Critics have accused the administration of mishandling the incident, specifically faulting the decision to not eliminate the balloon as soon as it was spotted and instead wait until it was over water a week later. Lawmakers, especially Wicker, have also pressed the Pentagon to answer specific follow-up questions about the decision process and about previous balloon incursions over the past few years that have only recently come to light.
“So all that was needed on January 28 was to pull the proverbial trigger?” Sen. Tom Cotton (R-Ark.) asked during the hearing.
“Yes,” VanHerck responded. “Had they had hostile intent or hostile act, I had the authority and I would have made that decision. So you’re exactly correct. [At] that point, it was not my decision to make to pull the trigger.” In the case of a direct threat to the homeland, VanHerck has the legal authority to take the shot, he explained. Without that determination, that authority resides with the Pentagon chief or the president.
“If the administration’s policymakers thought they had legal justification to shoot it down off the coast of Carolina, surely they have legal justification to shoot off the coast of Alaska,” Cotton followed up. VanHerck responded: “My assessment is the legal basis would have been the same for either place.”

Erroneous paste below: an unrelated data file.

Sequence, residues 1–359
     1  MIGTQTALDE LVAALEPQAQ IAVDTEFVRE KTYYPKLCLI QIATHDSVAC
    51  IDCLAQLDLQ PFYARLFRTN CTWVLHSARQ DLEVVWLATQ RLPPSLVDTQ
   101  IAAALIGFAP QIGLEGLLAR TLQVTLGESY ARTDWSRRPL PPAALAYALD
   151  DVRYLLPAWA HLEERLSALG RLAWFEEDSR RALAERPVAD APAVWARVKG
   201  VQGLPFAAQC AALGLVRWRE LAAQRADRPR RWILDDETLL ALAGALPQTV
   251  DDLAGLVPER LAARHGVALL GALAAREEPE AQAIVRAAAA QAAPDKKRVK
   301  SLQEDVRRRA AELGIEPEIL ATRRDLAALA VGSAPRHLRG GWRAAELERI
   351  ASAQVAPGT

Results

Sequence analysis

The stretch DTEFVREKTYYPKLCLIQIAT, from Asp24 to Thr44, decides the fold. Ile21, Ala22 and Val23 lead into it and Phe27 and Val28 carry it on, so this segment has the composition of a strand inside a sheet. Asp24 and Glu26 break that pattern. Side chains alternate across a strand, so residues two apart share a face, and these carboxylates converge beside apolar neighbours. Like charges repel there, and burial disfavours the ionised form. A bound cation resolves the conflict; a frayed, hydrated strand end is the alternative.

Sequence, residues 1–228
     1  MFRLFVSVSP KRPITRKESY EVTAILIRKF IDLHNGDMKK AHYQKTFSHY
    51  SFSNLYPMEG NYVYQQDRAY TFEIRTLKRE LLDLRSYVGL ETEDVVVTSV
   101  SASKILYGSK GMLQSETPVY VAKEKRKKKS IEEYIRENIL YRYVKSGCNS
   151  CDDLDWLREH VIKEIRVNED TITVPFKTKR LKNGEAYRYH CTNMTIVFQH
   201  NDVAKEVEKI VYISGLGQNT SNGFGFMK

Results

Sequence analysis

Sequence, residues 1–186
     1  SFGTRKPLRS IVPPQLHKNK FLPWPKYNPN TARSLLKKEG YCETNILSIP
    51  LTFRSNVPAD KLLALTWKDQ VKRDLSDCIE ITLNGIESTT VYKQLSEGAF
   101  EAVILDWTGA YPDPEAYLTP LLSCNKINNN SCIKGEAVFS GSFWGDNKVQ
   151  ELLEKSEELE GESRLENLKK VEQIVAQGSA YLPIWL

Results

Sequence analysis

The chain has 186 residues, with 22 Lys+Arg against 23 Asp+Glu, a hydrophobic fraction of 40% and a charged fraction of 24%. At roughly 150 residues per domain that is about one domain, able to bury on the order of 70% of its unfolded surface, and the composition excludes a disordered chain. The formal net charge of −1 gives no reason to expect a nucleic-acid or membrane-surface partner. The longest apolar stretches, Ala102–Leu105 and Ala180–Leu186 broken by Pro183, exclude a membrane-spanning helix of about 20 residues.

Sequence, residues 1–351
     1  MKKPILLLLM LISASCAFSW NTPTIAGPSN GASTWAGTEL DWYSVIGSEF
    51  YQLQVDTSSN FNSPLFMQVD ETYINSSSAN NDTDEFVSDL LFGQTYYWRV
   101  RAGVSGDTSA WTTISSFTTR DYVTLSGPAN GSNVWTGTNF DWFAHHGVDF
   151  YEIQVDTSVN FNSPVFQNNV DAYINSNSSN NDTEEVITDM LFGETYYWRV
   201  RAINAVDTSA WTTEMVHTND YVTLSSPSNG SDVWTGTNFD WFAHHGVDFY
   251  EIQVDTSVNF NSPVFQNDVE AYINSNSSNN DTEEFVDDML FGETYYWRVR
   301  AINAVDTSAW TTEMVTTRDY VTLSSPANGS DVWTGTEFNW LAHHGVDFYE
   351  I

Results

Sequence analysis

VanHerck also used his appearance on Capitol Hill to fill in other details from the initial timeline. A senior Defense Department official told reporters in early February that the president asked for military options when he was notified on Jan. 31. VanHerck on Thursday said he did not present options to Austin until 7 a.m. on Feb. 1.
That same day, Feb. 1, Biden told the military to take out the balloon, which was flying over Montana after leaving Canadian airspace. The military scrambled F-22 fighter jets at the time in case the decision was made to shoot it down. But top generals ultimately advised the president to wait until the craft was over water because of the risk to people on the ground from falling debris.
VanHerck said that if he had been asked to provide options to Austin or the president earlier, while the balloon was still over Alaska, he would have been prepared to do so, he said.